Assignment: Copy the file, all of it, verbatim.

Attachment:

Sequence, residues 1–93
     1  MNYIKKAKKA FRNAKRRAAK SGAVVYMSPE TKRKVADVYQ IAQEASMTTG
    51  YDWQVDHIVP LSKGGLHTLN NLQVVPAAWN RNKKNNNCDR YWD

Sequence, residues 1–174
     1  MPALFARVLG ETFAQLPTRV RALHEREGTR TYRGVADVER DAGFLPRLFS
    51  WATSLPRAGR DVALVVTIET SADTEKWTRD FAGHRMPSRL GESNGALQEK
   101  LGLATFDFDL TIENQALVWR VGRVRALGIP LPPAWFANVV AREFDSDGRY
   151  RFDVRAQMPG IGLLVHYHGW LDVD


Sequence, residues 1–93
     1  MNYIKKAKKA FRNAKRRAAK SGAVVYMSPE TKRKVADVYQ IAQEASMTTG
    51  YDWQVDHIVP LSKGGLHTLN NLQVVPAAWN RNKKNNNCDR YWD

Sequence, residues 1–174
     1  MPALFARVLG ETFAQLPTRV RALHEREGTR TYRGVADVER DAGFLPRLFS
    51  WATSLPRAGR DVALVVTIET SADTEKWTRD FAGHRMPSRL GESNGALQEK
   101  LGLATFDFDL TIENQALVWR VGRVRALGIP LPPAWFANVV AREFDSDGRY
   151  RFDVRAQMPG IGLLVHYHGW LDVD